British Horseracing Authority (BHA) Chairman, Steve Harman, is taking up a new industry wide role to engage with Government to tackle the potential impact of last week’s FOBT announcement – which threatens £40 to £60 million of income per annum to the industry.
Mr Harman’s role will change towards the end of 2018 to allow him to focus on the industry’s biggest financial priority: he wishes to work exclusively on Levy development with Westminster and mitigating the risks to the industry around the changes announced last week on FOBTs.
Steve will stand down from his role as BHA Chairman in November 2018 and then work exclusively in this new role through 2019. A formal process to recruit a new Chair of the Board will start shortly.
Mr Harman said, “This is the single biggest issue facing our industry and I welcome the opportunity to galvanise support to get the best possible deal for horseracing. This could mean a further reform of the levy to capture overseas betting and other changes we could seek to ensure that the funding of racing is secured for the future.”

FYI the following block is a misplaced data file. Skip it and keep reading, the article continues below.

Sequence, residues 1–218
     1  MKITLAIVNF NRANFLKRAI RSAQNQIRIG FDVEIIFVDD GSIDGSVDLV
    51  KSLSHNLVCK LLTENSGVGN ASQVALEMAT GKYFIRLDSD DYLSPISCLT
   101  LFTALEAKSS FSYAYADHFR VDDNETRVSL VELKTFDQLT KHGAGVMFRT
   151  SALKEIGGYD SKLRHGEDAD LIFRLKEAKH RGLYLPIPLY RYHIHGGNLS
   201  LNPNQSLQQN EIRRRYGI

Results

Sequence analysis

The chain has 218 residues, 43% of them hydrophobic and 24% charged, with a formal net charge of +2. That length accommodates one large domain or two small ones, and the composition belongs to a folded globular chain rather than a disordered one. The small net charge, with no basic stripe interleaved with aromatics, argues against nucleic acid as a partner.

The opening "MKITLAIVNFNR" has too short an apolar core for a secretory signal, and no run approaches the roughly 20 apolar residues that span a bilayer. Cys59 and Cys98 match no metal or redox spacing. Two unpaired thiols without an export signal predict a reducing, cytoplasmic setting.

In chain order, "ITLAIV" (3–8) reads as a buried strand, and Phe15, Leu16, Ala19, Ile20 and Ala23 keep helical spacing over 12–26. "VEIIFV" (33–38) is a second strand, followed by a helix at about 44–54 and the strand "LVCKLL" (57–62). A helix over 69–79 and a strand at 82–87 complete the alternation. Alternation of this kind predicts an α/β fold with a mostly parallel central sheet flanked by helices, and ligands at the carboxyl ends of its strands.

The BHA’s shareholders, the ROA, TBA, RCA and Licensed Personnel said, “The potential impact of reducing revenue to racing because of the FOBT announcement is a major issue for the industry. It is vital that we work together across the sport and with government to make the appropriate changes to ensure the future funding of the sport”.
The BHA Board has now set aside the Article 51 complaint against Mr Harman. Mr Harman has apologised for inaccuracies in his initial explanations to the Board relating to an article in the Times newspaper. The Board confirmed that an independent review carried out concluded that there had been no conflict of interest.
A BHA spokesman said: “We are pleased this matter has now been closed and we can focus on the BHA’s core responsibilities of the regulation and governance of British Racing.”